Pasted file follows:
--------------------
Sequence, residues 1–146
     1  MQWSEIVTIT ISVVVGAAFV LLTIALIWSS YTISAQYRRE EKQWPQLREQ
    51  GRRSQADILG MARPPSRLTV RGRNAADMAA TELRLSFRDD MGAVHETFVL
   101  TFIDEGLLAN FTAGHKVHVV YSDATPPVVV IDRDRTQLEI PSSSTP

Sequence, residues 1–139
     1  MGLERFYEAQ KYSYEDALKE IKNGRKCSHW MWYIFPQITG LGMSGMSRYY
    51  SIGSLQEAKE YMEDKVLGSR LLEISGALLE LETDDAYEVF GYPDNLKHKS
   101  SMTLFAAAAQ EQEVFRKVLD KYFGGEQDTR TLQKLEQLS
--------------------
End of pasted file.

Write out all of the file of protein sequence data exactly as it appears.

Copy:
Sequence, residues 1–146
     1  MQWSEIVTIT ISVVVGAAFV LLTIALIWSS YTISAQYRRE EKQWPQLREQ
    51  GRRSQADILG MARPPSRLTV RGRNAADMAA TELRLSFRDD MGAVHETFVL
   101  TFIDEGLLAN FTAGHKVHVV YSDATPPVVV IDRDRTQLEI PSSSTP

Sequence, residues 1–139
     1  MGLERFYEAQ KYSYEDALKE IKNGRKCSHW MWYIFPQITG LGMSGMSRYY
    51  SIGSLQEAKE YMEDKVLGSR LLEISGALLE LETDDAYEVF GYPDNLKHKS
   101  SMTLFAAAAQ EQEVFRKVLD KYFGGEQDTR TLQKLEQLS